Whether rebounding investor sentiment in Asia translates into a concerted advance into liquid assets will depend on the outcome of the upcoming Group of 20 (G-20) summit, says ING Investment Management Asia-Pacific.

The latest quarterly ING Investor Dashboard Survey, released yesterday, shows a 7% increase in pan-Asia (ex-Japan) investor sentiment in the three months to end-September, from the previous period.

Fears over the likelihood of a double-dip recession in the region and negative impact from the eurozone debt crisis appear to be receding amid improving confidence in domestic economies.

Investor outlook on the stock and property markets is strengthening, with an expected upside of 8.4% in domestic equity markets and 5.8% in property markets.

However, such sentiment is not being mirrored in capital allocation, with 76% of survey respondents listing cash/deposits as their top choice of investment tools.

“There is this dichotomy that on the one hand people want to participate in the equity and property markets,” notes Pranay Gupta, ING IM’s chief investment officer for Asia-Pacific. “The survey shows they are willing to invest in risky assets, but on the real side when you drill that down into investment tools they are more conservative.

“I think that is primarily driven by the fact that they are still not comfortable that the world is playing out the way it should. The risk that they think they want to take, and the risk that they are actually taking do not coincide. The determinant of which way this goes, whether it goes back into cash or into liquid assets from a domestic standpoint, will be determined by the G-20 summit.”

Perhaps most striking from the survey was a 15 percentage point increase in Asia (ex-Japan) investor expectations that the US dollar will depreciate against other currencies in the next quarter.

Finding an amicable solution to global currency tensions will be high on the G-20 agenda as finance ministers and central bank governors convene in Seoul next month to discuss building a counter-crisis global financial system. And according to Gupta, it could go one of two ways.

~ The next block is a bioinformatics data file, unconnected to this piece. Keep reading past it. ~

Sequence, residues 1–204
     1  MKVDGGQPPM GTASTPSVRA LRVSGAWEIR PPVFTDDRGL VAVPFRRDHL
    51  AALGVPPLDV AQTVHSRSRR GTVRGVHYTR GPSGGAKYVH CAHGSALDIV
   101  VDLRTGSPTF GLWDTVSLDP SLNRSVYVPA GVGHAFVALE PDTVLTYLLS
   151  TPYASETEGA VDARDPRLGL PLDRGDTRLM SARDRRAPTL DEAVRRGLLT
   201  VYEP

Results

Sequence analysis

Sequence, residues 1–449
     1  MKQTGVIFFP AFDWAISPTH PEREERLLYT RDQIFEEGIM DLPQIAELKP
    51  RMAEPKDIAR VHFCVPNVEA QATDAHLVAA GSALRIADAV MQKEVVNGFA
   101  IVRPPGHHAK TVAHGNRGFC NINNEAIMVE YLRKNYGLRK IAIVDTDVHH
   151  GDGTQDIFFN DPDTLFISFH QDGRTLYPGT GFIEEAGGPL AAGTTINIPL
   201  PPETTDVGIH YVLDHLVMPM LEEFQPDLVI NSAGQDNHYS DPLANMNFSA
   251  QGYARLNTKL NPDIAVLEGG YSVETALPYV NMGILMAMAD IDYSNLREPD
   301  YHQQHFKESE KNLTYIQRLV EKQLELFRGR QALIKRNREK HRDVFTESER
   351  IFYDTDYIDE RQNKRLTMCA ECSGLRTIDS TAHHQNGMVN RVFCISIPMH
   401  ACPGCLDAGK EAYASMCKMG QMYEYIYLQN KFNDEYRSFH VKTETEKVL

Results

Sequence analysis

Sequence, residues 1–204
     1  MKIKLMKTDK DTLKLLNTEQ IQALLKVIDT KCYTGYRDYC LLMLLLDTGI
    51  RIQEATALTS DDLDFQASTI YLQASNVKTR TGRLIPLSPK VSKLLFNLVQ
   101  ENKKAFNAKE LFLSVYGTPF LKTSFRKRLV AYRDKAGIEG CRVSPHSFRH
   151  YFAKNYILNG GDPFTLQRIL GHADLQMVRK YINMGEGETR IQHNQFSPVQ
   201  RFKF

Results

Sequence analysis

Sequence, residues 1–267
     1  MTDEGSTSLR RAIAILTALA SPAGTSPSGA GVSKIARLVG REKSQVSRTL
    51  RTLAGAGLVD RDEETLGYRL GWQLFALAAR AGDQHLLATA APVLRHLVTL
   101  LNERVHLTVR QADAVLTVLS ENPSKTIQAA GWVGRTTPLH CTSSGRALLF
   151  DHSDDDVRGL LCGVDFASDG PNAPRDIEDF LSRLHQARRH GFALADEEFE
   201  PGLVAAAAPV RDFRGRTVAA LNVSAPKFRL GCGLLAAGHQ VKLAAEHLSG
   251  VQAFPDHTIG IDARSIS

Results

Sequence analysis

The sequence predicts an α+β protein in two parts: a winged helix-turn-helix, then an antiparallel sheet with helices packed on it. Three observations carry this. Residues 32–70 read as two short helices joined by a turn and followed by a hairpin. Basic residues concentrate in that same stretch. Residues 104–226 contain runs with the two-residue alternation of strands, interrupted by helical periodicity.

“Either the West and the East come up with a timetable by which local currencies in Asia do appreciate and the global imbalance works out, or the directive [from the summit] turns into an actual war and protectionism and dumping duties in the US and capital controls in Asia,” he says.

“The latter is detrimental to everyone concerned, so the only possible solution, I think, is for China, the US and the other economies to work out how and when that [amicable solution] is going to happen.”

He suggests that positive signals and a timetable for discussion would be a reasonable outcome from the G-20 discussions, setting the world “back on a normal path again”.

Interestingly, though, Gupta does not believe that Asian investors are paying much attention to likely currency appreciation in their allocation decisions. “Domestic investors have their liability based in their domestic currency, so it does not really affect them unless they are multi-currency players,” he says.

“I think the lag effect of when the currency appreciates and when it comes back into the real economy in terms of export capability being hit is still six months away.”

At the same time, he notes the likelihood that India will allow the rupee to appreciate and says “valuations are at reasonable levels, and unlike in previous cycles it does have a very good domestic demand story”.

Gupta adds: “What is more important across asset markets is that individual stocks are not driving the return of portfolios. What is driving the return of portfolios is big themes that will happen irrespective of what happens in the currency decision, so things like outsourcing or new technology, infrastructure spending, demographics and domestic demand.

“Over the last six or nine months, those things have a bigger proportion of total return in portfolios than individual stocks.”

But Gupta also believes that Asian investors are in danger of underestimating risks that are inherent when sentiment surrounding equity and property markets is buoyant. “Investors should not go into areas that are completely dependent on short-term strategic policy moves and have the possibility of turning one way or another,” he states.

He lists three chief risks as a negative outcome on the currency front; that money pouring into emerging markets is not strategic but hot, meaning it could flow back out again as the US economy recovers; and the balance between Asian economies changing from being export-led to being domestically driven is not yet sufficiently developed.